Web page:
'Cloudy' Forecast for PHI | John DeGaspari | Healthcare Blogs Skip to content Skip to navigation

'Cloudy' Forecast for PHI

June 30, 2011
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How secure is cloud computing as far as protecting patient data? At a time when many health providers are considering the use of the cloud, it’s a question worth considering.

Taking advantage of the cloud means trusting a third-party cloud vendor with your organization’s data. That means thoroughly evaluating a cloud operator, and getting a detailed picture of how your organization’s data will be stored on its servers, what sorts of protections it offers against unauthorized access to the data, and what sort of track record the cloud vendor has in healthcare.

The other side of the picture is what applications are appropriate to the cloud. I recently had an opportunity to speak with Rick Schooler, senior vice president and CIO of Orlando Health, a six-hospital system in central Florida. He says the cloud may be an acceptable risk for certain types of applications, such as software as a service, or using it to store revenue cycle data that can be used for business intelligence purposes. In those applications, security is a concern, but may well be an acceptable risk.

But what about the cloud and protected health information? “That’s a bridge that not many people have crossed in the healthcare world, putting PHI in the cloud,” Schooler says.

An editorial in the June 29 New York Times addresses the use of the cloud by corporations, citing breaches by hackers who stole names, email addresses and passwords of millions of users in recent weeks. It cites a survey by the Ponemon Institute that found that nine out of 10 companies surveyed suffered an online attack in recent months. It also noted that Dropbox, a popular storing documents and other files on its cloud, allowed anyone to log into its 25 million user accounts using any password for a period of several hours recently.

While the editorial does not single out the healthcare industry, providers are not exempt to any of these potential attacks. In May, according to the Times, the Obama administration proposed legislation to ensure that companies running critical infrastructure have adequate to reduce the risk of an online attack. The attention on cloud security is worth noting, and it should give extra pause for organizations with regard to PHI.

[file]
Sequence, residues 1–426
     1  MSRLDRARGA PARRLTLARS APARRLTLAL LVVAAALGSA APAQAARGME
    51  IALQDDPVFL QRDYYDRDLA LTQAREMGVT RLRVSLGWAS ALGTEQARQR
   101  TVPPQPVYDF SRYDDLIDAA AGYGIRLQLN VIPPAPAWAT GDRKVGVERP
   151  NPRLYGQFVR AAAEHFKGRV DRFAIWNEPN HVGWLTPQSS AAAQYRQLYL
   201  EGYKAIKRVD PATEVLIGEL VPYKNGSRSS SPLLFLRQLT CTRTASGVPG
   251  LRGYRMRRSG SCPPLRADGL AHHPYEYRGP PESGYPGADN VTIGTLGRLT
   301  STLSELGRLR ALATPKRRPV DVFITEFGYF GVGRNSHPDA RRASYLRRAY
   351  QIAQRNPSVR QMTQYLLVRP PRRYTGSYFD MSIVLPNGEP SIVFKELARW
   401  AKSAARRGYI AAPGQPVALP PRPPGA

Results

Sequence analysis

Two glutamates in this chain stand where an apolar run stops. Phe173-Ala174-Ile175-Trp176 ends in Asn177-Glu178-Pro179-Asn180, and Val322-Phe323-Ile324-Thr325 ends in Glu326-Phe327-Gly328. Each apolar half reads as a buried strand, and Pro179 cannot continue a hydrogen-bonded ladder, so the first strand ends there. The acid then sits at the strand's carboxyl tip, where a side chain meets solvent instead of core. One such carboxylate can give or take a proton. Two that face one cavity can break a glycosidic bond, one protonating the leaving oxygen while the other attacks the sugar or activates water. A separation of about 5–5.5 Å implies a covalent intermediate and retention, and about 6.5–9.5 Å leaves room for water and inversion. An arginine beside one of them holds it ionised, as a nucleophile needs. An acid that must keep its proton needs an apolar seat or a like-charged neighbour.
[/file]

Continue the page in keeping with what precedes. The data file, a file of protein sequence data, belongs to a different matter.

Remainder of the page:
The key point with this article is to do your homework when it comes to security in the cloud. However, this does not mean the cloud is inherently weak, when it comes to security and arguably there is a good case to be made that in many cases security is tighter than data-centers run privately.

In the same way that many people manage security through tight governance and policy for their own IT services does not mean that the same should not apply to cloud providers. It is important that consumers of cloud services look to their policies and ensure these are extended to cloud service providers, especially where PHI is involved.

Many industries have already made this happen, whether this is in the financial services or manufacturing, and there needs around privacy and security are no less stringent than the needs within Healthcare. Already cloud service providers are responding to the need within healthcare - companies like IBM are developing data-centers that are HIPAA compliant to meet the PHI needs. I only see this trend increasing as more customers demand this capability from cloud service providers and it will happen faster this way than waiting for regulators to catch up with the trend.

The other reason why I see the trend being more positive for cloud services and SaaS companies is the fact they are uniquely positioned to combat security threats in an environment, where security specialists are harder to find. These companies will in the long term attract these skills because of the opportunities and challenges they respresent to the security specialists. It is going to be a fight over a tight resource market and I bet scale will win out in the end.

I do agree the security breaches are have not reflected well on cloud providers recently, but this is just one perspective. There have been many other breaches on individual companies that do not see the light of day and I am sure these are far more frequent then is reflected in the public records. The good and bad news is the fact that cloud providers are disclosing the increasing threat and they are responding to it quickly - how many individual IT departments can say the same thing?

In summary, I think the post does a good job of highlighting the fact that customers who are contemplating the move to the cloud need to make sure they understand what they are getting for their money. Moving to the cloud has many opportunities that allow IT departments to focus on adding tremendous value in other core areas of their activities, but it does not mean you can abdicate responsibility for ensuring the cloud service providers support your PHI needs.